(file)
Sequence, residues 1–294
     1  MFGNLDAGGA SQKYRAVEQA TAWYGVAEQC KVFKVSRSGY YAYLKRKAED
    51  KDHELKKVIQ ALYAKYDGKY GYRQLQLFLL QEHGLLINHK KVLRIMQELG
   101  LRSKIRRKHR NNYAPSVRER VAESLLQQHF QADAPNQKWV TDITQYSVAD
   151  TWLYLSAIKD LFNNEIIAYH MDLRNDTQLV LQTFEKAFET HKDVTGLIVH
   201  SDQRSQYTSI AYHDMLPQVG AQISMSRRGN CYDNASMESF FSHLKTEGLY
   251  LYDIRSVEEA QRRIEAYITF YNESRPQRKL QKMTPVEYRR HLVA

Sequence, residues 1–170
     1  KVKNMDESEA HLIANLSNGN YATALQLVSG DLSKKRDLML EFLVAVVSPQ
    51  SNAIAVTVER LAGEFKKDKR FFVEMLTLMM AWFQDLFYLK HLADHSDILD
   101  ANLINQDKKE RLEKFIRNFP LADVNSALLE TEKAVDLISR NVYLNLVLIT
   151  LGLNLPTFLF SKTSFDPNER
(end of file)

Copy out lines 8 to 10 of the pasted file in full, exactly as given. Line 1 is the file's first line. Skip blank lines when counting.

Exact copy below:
Sequence, residues 1–170
     1  KVKNMDESEA HLIANLSNGN YATALQLVSG DLSKKRDLML EFLVAVVSPQ
    51  SNAIAVTVER LAGEFKKDKR FFVEMLTLMM AWFQDLFYLK HLADHSDILD